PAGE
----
Big Data provides big challenges as well. The infrastructure needed to move big data, process it, analyze it and convert it into knowledge is very expensive, Parashar acknowledged. There are also challenges in manipulating the data and figuring out the optimal types and quality of data so that it can be transformed into knowledge, he added.
At the press conference celebrating the bill’s passage, Mary Ward-Callan, managing director of technical activities at the Institute of Electrical and Electronics Engineers (IEEE), outlined how that organization would collaborate with the NJBDA.
The influential IEEE, one of the world’s largest organizations dedicated to advancing technological innovation, with more than 400,000 members, has its operations center in Piscataway. There are 7,000 members in New Jersey alone.
Ward-Callan said that the IEEE is collaborating with the NJBDA on conferences, communications and standards. The group helped organize a symposium at the Stevens Institute of Technology to get the effort off the ground. In the future, the IEEE will put together educational opportunities to help develop new talent emerging in this area of expertise.
Ward-Callan added that, with the development of big data, there are challenges involving security and privacy, and she hoped that New Jersey and IEEE resources could be used to address these problems.
What’s next for the NJBDA? NJTechWeekly.com asked the leaders, and received the following answers:
- Both the Stevens Institute of Technology and Montclair State University are organizing events to help educate industry on how to work with big data and the NJBDA.
- The NJBDA is working on an MOA that will serve as a more formal collaborative agreement among the participating institutions.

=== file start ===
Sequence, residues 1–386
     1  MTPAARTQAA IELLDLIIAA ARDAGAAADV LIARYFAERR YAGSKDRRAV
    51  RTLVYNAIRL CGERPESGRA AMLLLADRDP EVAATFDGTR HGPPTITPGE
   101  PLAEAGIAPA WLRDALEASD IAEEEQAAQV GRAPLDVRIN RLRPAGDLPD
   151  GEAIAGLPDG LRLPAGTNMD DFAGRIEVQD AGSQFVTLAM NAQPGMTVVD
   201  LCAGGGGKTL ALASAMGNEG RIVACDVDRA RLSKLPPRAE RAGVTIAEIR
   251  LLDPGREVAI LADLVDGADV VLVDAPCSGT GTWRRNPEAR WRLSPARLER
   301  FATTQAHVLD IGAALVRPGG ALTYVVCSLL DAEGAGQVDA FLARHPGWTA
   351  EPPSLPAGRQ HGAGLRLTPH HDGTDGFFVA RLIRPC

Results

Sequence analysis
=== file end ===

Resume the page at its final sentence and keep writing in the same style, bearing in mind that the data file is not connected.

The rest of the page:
- Working groups will be formed to focus on issues like intellectual property.
- “We will also be developing a big data portal where we will be hosting large data sets for industry or researchers to be able to utilize for research purposes,” Brennan-Tonetta said.
- Simultaneously, the NJBDA is developing a strategic plan for spearheading the growth of advanced cyber infrastructure in the state, pending further legislation.
- The NJBDA would also like to involve industry partners in its efforts, and will be working toward that goal.
The NJBDA was initiated through Rutgers, by the University’s Office of Research and Economic Development and the Rutgers Discovery Informatics Institute (RDI2), and includes Kean University, Montclair State University, New Jersey Institute of Technology, Princeton University, Richard Stockton College, Rowan University, Rutgers, and Stevens Institute of Technology.
The Alliance worked closely with the Office of Assemblyman Chivukula, the New Jersey Office of Information Technology – Enterprise Data Services, IEEE, the New Jersey Economic Development Authority and NJEDge.Net, which provides high capacity network interconnections to colleges and Universities throughout the State.